Your benchmark is not very realistic. As $n doesn't vary, you are completely ignoring the effect of the CPU cache misses that the lookup table may introduce.

    The version of my benchmark I posted was the one I use -- in conjunction with -N=1 and uncommenting the print "@_"; -- to check that the output from all the methods is correct.

    For timing runs, I operate on the loop counter $_, which when -N=10e6, is enough to exercise the full range of the table 38 times.

    And I still get 20%+ improvement from the AoAs lookup:

    Results

    C:\test>1021064 Shift&and took: 0.000000606833 seconds Lookup took: 0.000000485629 seconds Lookup2 took: 0.000000669586 seconds (un)pack took: 0.000007564075 seconds

    In general, I've found it very difficult to detect, much less measure any discernible effect from cpu caching in perl code on my machine. It shows up readily in tight loops in C code, but Perl's memory allocation is so cache unfriendly that it rarely seems to come into play.

    I would be interested to see the output from the above on your machine if you have a coupe of minutes.


    With the rise and rise of 'Social' network sites: 'Computers are making people easier to use everyday'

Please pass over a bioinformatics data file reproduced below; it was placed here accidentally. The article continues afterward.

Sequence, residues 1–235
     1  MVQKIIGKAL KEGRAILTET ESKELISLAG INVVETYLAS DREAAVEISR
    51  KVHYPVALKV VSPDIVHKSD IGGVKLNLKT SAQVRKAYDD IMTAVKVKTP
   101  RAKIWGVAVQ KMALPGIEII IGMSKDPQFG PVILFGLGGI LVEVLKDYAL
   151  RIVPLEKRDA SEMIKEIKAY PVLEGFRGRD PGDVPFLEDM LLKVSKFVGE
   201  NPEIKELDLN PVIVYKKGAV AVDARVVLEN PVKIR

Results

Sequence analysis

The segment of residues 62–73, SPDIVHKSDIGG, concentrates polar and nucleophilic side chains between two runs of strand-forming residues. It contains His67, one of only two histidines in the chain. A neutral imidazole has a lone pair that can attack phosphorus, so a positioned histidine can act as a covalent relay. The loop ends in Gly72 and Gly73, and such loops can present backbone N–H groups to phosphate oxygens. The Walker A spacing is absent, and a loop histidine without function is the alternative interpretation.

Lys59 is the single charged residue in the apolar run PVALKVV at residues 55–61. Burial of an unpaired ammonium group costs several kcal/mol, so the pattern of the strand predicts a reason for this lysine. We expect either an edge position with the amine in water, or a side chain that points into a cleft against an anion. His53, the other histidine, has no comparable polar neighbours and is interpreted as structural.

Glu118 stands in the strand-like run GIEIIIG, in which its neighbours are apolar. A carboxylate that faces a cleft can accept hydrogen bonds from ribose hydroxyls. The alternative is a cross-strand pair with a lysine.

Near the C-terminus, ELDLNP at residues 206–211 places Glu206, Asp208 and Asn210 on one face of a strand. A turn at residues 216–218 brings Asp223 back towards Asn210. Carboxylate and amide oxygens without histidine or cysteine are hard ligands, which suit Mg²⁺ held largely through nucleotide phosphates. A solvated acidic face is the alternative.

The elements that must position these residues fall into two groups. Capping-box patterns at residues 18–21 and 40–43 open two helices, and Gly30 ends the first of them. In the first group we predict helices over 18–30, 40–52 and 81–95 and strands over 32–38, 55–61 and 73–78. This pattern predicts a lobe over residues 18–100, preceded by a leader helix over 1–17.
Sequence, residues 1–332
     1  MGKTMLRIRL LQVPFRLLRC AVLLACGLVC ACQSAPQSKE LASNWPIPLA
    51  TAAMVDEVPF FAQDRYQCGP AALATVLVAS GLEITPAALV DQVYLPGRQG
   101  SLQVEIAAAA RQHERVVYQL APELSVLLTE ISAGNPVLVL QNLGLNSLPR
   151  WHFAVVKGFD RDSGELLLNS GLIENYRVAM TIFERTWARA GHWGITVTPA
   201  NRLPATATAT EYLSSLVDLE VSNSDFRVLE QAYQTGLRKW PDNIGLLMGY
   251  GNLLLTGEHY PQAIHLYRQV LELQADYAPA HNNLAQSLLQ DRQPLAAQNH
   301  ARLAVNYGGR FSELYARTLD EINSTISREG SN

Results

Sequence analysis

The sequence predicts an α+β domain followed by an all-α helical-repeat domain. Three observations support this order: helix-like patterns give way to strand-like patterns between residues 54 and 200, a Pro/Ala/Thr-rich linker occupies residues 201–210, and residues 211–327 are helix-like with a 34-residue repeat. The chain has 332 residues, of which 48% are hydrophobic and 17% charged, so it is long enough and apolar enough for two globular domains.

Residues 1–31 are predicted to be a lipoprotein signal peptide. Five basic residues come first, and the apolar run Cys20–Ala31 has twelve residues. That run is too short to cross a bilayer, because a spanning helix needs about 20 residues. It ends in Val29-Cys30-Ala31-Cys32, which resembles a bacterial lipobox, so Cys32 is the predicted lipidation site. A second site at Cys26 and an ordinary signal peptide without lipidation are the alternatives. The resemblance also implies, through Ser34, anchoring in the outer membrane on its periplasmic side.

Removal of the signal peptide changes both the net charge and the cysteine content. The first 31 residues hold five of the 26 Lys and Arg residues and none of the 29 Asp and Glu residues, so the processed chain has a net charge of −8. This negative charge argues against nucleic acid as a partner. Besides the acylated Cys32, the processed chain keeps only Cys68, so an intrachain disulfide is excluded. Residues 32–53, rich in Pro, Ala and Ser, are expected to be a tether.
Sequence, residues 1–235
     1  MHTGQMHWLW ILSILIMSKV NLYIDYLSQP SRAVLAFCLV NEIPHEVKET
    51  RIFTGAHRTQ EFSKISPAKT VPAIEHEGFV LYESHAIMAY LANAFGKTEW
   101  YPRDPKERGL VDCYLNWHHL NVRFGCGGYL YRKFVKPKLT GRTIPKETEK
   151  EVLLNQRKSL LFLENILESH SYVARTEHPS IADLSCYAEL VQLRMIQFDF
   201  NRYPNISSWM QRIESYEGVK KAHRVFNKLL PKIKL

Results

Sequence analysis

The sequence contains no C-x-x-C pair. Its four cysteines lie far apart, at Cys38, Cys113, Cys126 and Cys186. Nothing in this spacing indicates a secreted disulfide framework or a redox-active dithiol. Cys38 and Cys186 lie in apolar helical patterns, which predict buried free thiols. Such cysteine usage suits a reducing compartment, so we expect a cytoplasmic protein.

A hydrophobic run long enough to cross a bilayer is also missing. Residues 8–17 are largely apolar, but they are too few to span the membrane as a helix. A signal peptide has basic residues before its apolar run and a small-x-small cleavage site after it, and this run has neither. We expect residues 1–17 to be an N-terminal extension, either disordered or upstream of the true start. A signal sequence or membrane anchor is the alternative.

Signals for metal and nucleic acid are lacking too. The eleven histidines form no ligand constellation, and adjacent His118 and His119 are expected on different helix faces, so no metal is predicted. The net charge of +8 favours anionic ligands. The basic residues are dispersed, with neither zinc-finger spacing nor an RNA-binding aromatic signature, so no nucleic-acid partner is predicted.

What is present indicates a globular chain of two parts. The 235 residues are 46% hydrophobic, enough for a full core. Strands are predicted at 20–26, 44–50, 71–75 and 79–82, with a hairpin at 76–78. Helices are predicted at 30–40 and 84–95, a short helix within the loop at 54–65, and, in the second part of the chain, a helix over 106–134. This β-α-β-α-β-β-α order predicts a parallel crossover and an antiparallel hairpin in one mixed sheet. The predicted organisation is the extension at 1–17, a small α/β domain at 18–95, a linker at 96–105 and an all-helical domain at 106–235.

Examine what is said, not who speaks -- Silence betokens consent -- Love the truth but pardon error.
    "Science is about questioning the status quo. Questioning authority".
    In the absence of evidence, opinion is indistinguishable from prejudice.
      $ perl /tmp/1021241.pl Shift&and took: 0.000000844352 seconds Lookup took: 0.000000794679 seconds Lookup2 took: 0.000000945985 seconds (un)pack took: 0.000007257208 seconds

        Less, but still a saving. Thanks. What cpu are you using?

      tables generated sample data generated Shift&and took: 0.000000283640 seconds Lookup took: 0.000000553529 seconds Lookup3 took: 0.000000308301 seconds Lookup4 took: 0.000000435056 seconds Lookup5 took: 0.000000487484 seconds Lookup6 took: 0.000000454496 seconds Lookup7 took: 0.000000476669 seconds Linux 3.4.28-2.20-desktop [openSUSE 12.2 (Mantis)] x86_64 Xeon(R) CPU E5-1650 0 @ 3.20GHz/1200(12) x86_64 16009 Mb This is perl 5, version 16, subversion 2 (v5.16.2) built for x86_64-li +nux-ld

      I think that proves my point in Re^3: Efficient bit-twiddling in Perl.


      Enjoy, Have FUN! H.Merijn
        I think that proves my point in Re^3: Efficient bit-twiddling in Perl.
        I am stunned by the 20% gain you get, and wonder if that would differ per perl version and/or architecture.

        It absolutely will, but as I said in the OP, this is for me, on my hardware. Not an exemplar for anyone else.


        With the rise and rise of 'Social' network sites: 'Computers are making people easier to use everyday'
        Examine what is said, not who speaks -- Silence betokens consent -- Love the truth but pardon error.
        "Science is about questioning the status quo. Questioning authority".
        In the absence of evidence, opinion is indistinguishable from prejudice.
      Shift&and took: 0.000000288148 seconds Lookup took: 0.000000252554 seconds Lookup2 took: 0.000000339390 seconds (un)pack took: 0.000002284377 seconds

      Enjoy, Have FUN! H.Merijn